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VLAN Support to Separate Traffic
Most business-class networking gear supports virtual LANs, which allow you to create multiple separate virtual networks inside a single network. You can, for example, create one VLAN for your private network (or more to support different departments) and another for public access by visitors; this arrangement prevents the guests from connecting to your computers or snooping on your traffic.
You can create VLANs on your router, gateway, or firewall, and then you can assign each ethernet port to a VLAN (and one to the SSID, if it’s wireless too). If you’re also using a separate switch that supports VLAN, you can assign each of its ports to a VLAN.
Multiple SSIDs to separate Wi-Fi traffic: Business-class wireless access points and wireless routers typically support multiple SSIDs, in what is basically a wireless variant of a VLAN. You can create multiple network names to broadcast from a single access point or wireless router, each with its own wireless and security configuration. Then you can assign each SSID to a VLAN.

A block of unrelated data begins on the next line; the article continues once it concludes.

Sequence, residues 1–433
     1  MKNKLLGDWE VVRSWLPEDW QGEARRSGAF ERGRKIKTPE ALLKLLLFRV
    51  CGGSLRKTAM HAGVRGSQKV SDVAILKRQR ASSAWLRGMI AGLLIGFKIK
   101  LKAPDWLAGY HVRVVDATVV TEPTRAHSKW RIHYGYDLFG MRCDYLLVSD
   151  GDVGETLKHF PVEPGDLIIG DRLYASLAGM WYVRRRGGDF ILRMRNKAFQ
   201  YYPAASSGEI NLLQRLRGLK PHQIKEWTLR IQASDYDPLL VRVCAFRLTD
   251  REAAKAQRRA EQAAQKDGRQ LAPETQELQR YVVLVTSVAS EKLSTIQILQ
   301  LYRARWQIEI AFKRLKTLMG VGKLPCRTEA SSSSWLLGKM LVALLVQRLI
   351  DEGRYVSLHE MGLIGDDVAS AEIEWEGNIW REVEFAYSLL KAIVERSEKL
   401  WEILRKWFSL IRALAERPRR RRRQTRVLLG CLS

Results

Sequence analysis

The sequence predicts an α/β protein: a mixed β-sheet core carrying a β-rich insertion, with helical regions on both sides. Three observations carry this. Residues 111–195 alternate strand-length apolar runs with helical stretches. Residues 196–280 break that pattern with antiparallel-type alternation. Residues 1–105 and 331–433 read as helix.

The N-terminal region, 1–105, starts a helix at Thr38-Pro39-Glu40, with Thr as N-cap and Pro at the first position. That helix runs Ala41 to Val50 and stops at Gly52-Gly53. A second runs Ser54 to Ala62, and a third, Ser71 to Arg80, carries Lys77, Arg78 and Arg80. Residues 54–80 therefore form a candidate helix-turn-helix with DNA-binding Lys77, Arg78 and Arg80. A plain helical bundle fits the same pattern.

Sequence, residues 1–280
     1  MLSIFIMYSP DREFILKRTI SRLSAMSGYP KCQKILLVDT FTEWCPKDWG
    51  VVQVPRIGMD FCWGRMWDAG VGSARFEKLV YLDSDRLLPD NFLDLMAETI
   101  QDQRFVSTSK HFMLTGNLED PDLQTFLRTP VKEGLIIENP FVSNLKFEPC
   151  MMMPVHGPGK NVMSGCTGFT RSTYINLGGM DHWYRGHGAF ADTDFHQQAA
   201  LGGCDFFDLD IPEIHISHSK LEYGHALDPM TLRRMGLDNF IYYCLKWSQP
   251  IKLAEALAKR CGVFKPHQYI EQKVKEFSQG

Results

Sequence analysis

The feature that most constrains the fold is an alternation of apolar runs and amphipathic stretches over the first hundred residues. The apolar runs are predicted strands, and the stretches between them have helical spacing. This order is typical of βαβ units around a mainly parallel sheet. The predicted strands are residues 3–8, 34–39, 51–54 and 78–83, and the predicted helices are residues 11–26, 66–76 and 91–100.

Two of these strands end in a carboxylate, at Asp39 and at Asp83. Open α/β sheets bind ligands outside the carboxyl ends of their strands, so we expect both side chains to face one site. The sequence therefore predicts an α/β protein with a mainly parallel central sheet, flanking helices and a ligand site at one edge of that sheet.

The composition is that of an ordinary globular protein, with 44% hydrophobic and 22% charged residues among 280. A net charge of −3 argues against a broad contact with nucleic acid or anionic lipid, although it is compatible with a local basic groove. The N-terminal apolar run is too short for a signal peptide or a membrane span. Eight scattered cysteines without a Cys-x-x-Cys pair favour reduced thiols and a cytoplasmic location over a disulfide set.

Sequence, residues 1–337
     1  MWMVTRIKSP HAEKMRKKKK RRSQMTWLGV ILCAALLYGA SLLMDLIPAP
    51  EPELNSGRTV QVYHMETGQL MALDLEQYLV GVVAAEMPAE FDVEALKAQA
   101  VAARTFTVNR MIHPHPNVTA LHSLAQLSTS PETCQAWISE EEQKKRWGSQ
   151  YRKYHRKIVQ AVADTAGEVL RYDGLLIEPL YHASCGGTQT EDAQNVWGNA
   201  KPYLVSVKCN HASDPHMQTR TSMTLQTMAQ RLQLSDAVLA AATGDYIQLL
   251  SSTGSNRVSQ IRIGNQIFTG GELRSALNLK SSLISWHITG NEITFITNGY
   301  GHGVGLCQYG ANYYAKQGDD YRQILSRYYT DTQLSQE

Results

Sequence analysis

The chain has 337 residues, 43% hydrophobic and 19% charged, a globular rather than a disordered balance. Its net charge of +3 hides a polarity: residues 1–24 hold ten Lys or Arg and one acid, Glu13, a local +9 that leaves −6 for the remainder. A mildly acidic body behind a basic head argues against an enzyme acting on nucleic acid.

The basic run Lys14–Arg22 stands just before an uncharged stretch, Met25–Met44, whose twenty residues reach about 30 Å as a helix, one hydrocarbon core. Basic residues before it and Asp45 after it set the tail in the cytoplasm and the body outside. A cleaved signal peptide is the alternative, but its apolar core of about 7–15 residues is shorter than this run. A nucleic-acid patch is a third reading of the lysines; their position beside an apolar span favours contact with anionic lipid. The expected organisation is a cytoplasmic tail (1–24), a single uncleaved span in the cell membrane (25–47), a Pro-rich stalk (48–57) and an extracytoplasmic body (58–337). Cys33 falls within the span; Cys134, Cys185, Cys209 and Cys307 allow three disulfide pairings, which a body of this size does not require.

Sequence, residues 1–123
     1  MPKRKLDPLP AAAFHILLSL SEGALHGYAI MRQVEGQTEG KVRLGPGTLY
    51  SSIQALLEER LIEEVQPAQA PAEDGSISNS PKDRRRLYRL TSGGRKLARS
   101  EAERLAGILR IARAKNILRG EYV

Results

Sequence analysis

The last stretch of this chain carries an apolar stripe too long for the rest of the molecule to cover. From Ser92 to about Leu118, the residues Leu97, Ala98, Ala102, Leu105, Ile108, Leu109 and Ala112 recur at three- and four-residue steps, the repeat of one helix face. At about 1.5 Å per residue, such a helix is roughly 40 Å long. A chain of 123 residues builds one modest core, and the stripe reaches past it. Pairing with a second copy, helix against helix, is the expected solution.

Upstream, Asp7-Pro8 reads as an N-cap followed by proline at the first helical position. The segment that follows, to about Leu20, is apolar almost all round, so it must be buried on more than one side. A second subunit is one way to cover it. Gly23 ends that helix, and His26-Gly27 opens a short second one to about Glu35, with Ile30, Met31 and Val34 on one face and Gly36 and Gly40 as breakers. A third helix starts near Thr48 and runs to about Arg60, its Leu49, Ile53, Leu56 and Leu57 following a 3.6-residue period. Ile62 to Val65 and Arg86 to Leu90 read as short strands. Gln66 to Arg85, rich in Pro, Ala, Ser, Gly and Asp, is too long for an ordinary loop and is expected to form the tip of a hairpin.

Wireless guest access to secure private traffic: Some of the more advanced consumer-level wireless routers have a guest feature, which uses VLANs and multiple SSIDs to create a separate Wi-Fi network for visitors. This is a great way to quickly and easily create a secondary wireless network, but typically it doesn’t allow configuration such as adding custom VLANs or assigning ethernet ports to the guest VLAN.
USB Port to Share Files or Printers
Some premium consumer-level wireless routers have a USB port so that you can plug in a USB flash drive or hard drive to share files on the network. Though you can always share folders to the network in Windows, sharing at the router provides a central storage location and doesn’t require a certain PC to remain powered on. But keep in mind that most routers offering USB port sharing require you to install software on the PCs in order to access the shared drive.